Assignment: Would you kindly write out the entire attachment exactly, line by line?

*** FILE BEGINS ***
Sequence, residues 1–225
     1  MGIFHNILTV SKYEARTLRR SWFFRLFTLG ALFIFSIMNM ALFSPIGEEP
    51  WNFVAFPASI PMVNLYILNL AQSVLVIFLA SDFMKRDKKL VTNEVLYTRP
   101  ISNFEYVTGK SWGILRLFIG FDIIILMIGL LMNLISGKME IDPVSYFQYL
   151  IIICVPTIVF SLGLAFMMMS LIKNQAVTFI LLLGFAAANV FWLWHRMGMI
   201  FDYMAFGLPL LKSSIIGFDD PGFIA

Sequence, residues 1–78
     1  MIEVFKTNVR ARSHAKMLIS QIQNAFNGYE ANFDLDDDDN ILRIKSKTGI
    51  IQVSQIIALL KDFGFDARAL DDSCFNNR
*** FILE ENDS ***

Sequence, residues 1–225
     1  MGIFHNILTV SKYEARTLRR SWFFRLFTLG ALFIFSIMNM ALFSPIGEEP
    51  WNFVAFPASI PMVNLYILNL AQSVLVIFLA SDFMKRDKKL VTNEVLYTRP
   101  ISNFEYVTGK SWGILRLFIG FDIIILMIGL LMNLISGKME IDPVSYFQYL
   151  IIICVPTIVF SLGLAFMMMS LIKNQAVTFI LLLGFAAANV FWLWHRMGMI
   201  FDYMAFGLPL LKSSIIGFDD PGFIA

Sequence, residues 1–78
     1  MIEVFKTNVR ARSHAKMLIS QIQNAFNGYE ANFDLDDDDN ILRIKSKTGI
    51  IQVSQIIALL KDFGFDARAL DDSCFNNR